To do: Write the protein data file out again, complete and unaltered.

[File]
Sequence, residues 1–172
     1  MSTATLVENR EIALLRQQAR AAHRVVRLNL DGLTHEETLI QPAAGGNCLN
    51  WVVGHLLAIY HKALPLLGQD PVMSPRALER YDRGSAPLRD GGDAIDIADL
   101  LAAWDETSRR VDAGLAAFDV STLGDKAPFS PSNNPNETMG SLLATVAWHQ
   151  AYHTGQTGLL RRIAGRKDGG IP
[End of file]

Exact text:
Sequence, residues 1–172
     1  MSTATLVENR EIALLRQQAR AAHRVVRLNL DGLTHEETLI QPAAGGNCLN
    51  WVVGHLLAIY HKALPLLGQD PVMSPRALER YDRGSAPLRD GGDAIDIADL
   101  LAAWDETSRR VDAGLAAFDV STLGDKAPFS PSNNPNETMG SLLATVAWHQ
   151  AYHTGQTGLL RRIAGRKDGG IP